Posted by Stephanie Simpson on
Buying rice seems like an easy business, sure.
But come Saturday morning, when you find yourself staring down six shelves of the stuff, contemplating the difference is between short, brown and brown, short, choosing the right rice can be a confusing experience.
But that shouldn’t be the case. Because as a grain whose 100,000+ varieties can offer up so many different kinds of deliciousness, and who feeds more of us than any other cereal out there, rice is something worth knowing how to navigate. So over the next two posts, I’m going to pass along some simple ways to determine what a rice’s name and appearance mean in tasty terms so that, when you stare down those shelves, you’re able to pick precisely the variety you want.
Today, we’ll see how one of the simplest distinctions an eater can make between varieties of rice — whether it’s brown or white — can mean a lot for your meal. But first, we need to know what it means for rice to be brown or white.
The big difference between brown and white rice is not the plant they come from, but how that plant is treated when all is said and done. See, almost all rice gets its start the same way — seeds are transformed into teeny plants who spend their lives in irrigated (read: purposefully soggy) fields growing, with the help of water, sunshine and people, into less-teeny plants that bear seeds composed of lots of layers. It’s how these layers are treated that determines whether your rice is brown or white:
- Brown rice is a seed whose thick, inedible husk has been removed (via milling), but whose remaining interior layers — the nutrient- and fiber-rich bran and germ that lend brown rice its colour, and the tasty white bit that makes up the bulk of a grain of rice — are left intact.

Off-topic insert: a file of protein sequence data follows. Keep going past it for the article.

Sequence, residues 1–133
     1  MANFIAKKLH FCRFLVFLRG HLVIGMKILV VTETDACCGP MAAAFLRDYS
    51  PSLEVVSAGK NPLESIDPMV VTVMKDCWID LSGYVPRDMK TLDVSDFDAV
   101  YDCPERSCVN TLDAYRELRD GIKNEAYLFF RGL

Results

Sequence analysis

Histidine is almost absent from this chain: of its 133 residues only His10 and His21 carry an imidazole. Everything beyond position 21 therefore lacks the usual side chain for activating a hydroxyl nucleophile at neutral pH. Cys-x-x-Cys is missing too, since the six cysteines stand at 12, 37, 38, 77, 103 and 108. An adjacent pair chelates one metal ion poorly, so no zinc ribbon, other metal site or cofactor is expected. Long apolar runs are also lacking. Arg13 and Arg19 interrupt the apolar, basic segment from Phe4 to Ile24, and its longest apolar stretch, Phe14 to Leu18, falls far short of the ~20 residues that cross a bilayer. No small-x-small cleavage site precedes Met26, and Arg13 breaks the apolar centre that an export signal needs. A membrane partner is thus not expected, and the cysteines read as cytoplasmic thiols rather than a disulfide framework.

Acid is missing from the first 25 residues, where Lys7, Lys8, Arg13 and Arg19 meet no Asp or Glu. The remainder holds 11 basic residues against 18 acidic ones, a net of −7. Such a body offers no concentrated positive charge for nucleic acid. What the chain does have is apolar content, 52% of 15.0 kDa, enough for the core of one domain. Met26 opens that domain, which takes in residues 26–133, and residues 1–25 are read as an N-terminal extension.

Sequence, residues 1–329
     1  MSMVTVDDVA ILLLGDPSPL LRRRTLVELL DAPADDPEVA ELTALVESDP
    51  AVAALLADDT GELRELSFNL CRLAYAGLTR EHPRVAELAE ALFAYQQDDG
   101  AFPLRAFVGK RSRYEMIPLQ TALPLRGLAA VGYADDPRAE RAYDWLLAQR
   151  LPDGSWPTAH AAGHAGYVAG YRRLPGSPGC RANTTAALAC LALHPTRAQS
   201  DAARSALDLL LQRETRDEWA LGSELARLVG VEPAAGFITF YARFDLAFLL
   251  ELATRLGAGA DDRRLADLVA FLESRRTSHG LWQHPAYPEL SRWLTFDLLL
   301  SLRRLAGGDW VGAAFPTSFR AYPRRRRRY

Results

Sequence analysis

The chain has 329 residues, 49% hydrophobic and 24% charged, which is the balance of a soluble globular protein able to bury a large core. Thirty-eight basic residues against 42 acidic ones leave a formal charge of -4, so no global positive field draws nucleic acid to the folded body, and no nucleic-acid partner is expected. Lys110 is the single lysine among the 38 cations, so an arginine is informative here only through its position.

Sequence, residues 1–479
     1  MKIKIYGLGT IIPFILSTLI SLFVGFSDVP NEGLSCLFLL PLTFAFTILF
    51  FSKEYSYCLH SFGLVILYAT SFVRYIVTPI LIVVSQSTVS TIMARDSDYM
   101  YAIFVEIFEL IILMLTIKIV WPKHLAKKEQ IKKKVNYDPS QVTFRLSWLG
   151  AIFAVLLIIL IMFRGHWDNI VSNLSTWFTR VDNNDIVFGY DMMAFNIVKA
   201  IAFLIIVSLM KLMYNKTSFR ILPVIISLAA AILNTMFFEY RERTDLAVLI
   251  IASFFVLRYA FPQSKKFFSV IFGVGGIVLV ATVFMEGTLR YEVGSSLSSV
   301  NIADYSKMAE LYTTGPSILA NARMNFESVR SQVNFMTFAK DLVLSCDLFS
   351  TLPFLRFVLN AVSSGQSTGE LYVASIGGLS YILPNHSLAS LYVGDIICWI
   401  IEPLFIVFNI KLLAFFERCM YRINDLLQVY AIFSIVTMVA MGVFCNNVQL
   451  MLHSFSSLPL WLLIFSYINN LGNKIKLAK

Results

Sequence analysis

- White rice is brown rice taken a step further, where the bran and germ are also removed (via more milling), leaving intact only the tasty white bit (the endosperm) and a bit of residual bran dust.
In other words, white rice is just brown rice that’s shed a few brown sweaters! (Botanists, forgive me.)
But what does all of that mean for your meal? The difference between a grain of rice with and without its bran and germ sweaters is a big one, when it comes time to eat the stuff. Here’s what you’ll find:
Flavour & Texture
- Brown rice typically has a distinctly nutty flavour and offers up a grain with a good amount of “bite”, or chewiness.
- White rice, on the other hand, is much milder (and sometimes even sweet) in flavour, and is more tender to the tooth.
Nutritional Value (Fiber, Vitamins and More!)
- Brown rice’s bran and germ pack a nutritional punch, offering up a handful of good-for-you things like magnesium, phosphorus, B-vitamins, and loads of protein and fiber.
- White rice pales in comparison when it comes to vitamins, minerals and fiber (the energy, or caloric, content is not too different). Some minerals and vitamins can be regained through the enrichment process or retained through a process called parboiling, where rice is steamed in its husk to infuse the white bit with the vitamins and minerals found in the bran and germ, after which these exterior layers are removed to reveal a more nutrient-rich form of white rice.
- As a result of its tough exterior, brown rice takes up to 60 minutes in total to cook.
- White rice, lacking the fiber-rich exterior, will take as little as 25 minutes to cook.
- Dry brown rice will only last about 6 months at room temperature before the fatty bits in the bran and germ go rancid . Word has it that you can stave off the spoiling process for a good while by keeping your brown rice in the fridge or freezer.
- Dry white rice, lacking the fatty components found in brown rice, will keep for…well, a long, long time (up to 30 years, if you know what you’re doing!).
So there we have it, team: the distinguishing factors between brown rice and white (bran and germ!), and what that means when it comes time to eat (a lot!).